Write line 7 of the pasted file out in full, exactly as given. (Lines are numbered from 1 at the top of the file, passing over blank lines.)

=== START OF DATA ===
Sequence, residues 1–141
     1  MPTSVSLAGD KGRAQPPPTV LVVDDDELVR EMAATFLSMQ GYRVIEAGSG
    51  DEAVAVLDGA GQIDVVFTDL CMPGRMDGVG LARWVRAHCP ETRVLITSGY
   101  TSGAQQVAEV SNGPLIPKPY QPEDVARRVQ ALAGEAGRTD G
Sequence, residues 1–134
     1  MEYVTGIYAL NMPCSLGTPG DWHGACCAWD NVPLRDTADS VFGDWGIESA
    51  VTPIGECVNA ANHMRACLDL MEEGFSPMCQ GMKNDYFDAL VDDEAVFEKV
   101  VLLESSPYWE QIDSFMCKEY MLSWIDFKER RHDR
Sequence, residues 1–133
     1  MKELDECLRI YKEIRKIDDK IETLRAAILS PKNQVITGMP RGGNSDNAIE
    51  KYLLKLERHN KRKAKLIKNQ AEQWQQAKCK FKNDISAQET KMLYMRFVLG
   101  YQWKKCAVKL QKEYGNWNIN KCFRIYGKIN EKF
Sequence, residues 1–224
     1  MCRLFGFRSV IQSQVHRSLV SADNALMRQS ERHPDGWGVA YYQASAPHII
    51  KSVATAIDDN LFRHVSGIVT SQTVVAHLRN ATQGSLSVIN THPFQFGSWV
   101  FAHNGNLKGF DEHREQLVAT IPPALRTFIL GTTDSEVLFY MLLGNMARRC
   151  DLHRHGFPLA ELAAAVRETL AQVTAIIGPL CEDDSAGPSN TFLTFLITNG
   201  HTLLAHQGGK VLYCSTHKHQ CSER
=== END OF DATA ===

    51  VTPIGECVNA ANHMRACLDL MEEGFSPMCQ GMKNDYFDAL VDDEAVFEKV